The ongoing geographic shifts could contribute to the development of a new, dynamic and diverse, talent hub. A rich scholarly literature on economic development argues that agglomeration and density of high-skilled, creative workers leads to innovation and spurs further economic development.

For example, Harvey Molotch and Dierdre Boden discussed of what they called the “compulsion of proximity,” underscoring that face-to-face interaction remains an important component of business transactions and economic growth. Ed Glaeser refers to this as agglomeration economics, and scholars at the Upjohn Institute for Employment Research have published this literature review on the subject.  

The film industry is uniquely project-based and location-driven. Long-term sustainability and industry presence and growth does not come from one or two companies, but from a cluster of temporary, short-term engagements. As Ric Kolenda explained, sustained agglomeration of talent in this industry requires nurturing these project-based, temporary business engagements. So, it is critical to build local networks of talented workers (also referred to as “geographies of scope”) and expand service-related industries to provide what production operations need when on location.

Other shifts are reshaping the film industry as well. For example, the increasing use of generative artificial intelligence technologies (GenAI) for creating or editing both visual, audio, and textual content are rapidly revolutionizing the world of creative work. As Karen Sternheimer wrote here at the ESB recently, technological changes are sources of structural mobility, since they change how many and which types of jobs are available.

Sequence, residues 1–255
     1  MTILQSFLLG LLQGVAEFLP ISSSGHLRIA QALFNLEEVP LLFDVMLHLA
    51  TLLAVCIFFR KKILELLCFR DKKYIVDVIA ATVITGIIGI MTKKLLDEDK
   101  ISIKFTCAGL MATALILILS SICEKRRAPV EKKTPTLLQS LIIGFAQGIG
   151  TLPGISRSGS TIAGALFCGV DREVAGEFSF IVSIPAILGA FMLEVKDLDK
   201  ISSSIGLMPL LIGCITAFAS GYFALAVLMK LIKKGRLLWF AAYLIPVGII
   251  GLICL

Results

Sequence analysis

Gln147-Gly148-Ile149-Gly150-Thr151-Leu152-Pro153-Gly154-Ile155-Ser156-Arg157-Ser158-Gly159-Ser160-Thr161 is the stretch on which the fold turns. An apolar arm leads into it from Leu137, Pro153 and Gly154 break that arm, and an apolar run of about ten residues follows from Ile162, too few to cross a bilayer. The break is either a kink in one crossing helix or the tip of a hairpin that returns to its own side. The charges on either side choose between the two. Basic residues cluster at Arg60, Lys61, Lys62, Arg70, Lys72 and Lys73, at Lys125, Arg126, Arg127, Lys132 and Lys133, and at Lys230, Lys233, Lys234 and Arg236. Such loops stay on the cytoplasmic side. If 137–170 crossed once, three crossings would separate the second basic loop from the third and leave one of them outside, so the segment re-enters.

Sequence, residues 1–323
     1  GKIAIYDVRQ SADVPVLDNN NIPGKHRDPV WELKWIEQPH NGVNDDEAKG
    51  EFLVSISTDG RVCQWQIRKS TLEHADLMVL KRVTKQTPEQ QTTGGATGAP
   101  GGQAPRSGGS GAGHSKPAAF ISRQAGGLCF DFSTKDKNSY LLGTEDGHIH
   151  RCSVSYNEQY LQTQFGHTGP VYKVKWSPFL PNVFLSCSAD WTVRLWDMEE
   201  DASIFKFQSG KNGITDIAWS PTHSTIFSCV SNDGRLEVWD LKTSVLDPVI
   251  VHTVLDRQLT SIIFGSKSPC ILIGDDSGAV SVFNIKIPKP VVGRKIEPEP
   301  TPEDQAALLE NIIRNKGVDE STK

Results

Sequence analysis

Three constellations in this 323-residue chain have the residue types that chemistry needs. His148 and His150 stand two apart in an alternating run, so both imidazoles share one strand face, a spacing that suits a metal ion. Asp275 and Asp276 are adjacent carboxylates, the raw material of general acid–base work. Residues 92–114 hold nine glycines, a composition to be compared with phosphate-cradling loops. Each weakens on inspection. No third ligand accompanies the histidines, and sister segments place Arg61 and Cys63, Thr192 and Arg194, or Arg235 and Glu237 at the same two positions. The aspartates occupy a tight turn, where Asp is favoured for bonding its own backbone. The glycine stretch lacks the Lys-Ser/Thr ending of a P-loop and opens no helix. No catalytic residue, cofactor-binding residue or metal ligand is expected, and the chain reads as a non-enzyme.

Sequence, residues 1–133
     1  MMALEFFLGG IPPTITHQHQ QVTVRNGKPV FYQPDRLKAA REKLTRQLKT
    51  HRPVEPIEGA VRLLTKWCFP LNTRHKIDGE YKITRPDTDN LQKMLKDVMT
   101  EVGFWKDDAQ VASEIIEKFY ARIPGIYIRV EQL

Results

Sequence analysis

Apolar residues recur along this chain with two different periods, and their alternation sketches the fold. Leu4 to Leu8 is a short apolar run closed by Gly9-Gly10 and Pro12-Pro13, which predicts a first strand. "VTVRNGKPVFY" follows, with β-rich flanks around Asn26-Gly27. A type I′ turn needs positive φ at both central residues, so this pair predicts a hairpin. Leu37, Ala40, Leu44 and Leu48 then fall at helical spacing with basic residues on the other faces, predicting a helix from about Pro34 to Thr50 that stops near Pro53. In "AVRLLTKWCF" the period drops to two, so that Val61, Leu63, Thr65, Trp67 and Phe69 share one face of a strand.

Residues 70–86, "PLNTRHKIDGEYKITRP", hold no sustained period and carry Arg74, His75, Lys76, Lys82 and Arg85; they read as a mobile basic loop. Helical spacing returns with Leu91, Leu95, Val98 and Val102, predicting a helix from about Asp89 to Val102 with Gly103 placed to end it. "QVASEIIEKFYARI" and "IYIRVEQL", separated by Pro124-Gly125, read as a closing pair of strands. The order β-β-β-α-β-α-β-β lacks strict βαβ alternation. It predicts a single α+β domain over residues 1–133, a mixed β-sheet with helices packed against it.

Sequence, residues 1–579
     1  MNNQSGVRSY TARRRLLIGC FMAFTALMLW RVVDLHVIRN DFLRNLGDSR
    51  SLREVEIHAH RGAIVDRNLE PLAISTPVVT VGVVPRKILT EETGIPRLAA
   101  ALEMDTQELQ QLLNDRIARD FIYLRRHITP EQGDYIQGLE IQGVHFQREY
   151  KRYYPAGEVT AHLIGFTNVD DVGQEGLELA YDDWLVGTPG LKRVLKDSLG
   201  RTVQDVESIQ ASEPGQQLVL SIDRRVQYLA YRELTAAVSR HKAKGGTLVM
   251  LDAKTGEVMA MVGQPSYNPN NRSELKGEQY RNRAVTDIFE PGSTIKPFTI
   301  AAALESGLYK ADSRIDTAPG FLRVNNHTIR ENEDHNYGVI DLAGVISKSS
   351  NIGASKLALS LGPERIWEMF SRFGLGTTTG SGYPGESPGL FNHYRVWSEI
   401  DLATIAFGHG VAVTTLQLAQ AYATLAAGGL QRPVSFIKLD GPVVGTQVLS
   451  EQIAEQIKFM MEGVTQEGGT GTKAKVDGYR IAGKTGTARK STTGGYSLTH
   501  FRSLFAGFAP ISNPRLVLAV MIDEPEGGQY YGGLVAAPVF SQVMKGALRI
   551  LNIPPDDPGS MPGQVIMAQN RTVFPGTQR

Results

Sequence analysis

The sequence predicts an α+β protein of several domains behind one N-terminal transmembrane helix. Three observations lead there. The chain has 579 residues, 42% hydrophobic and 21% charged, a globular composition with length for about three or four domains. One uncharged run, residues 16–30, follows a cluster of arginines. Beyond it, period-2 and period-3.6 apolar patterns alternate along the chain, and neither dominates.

While cutting-edge technologies like GenAI lead to extraordinary innovation, creativity and efficiencies, they have also destabilized opportunities for creators, with artists asserting that the use of such technologies constitutes theft of their intellectual property. Concerns about the use of generative AI in film and entertainment production was a key bargaining concern for members of the Writers Guild of America (WGA) in their recent contract negotiations.

In our interviews, Darla McGlamery of the International Alliance of Theatrical Stage Employees (IATSE) compared the emergence and impact of AI on the industry to the previous shift from film to digital about a decade ago. She explained that they “… don’t want to come from a fear-based position but do want to encourage people to step into the unknown,” and emphasized that all workers in the film industry could make use of education and training that helps them create with technology.

Justin Myrick, a visual effects artist, explained to us that making the most of GenAI requires technical skills, artistic perspective, and problem-solving abilities. Developing a new cohort of talent that is technologically savvy and equipped to work in the industry presents an opportunity for South Carolina and the Upstate.

A common refrain we heard from industry practitioners is that there are talented people with compelling stories to tell through film in our region. Development of a local film industry talent hub that better reflects the diversity and talents of our community would help elevate the region’s people and their untold stories and create more robust and rewarding opportunities across the region’s labor market.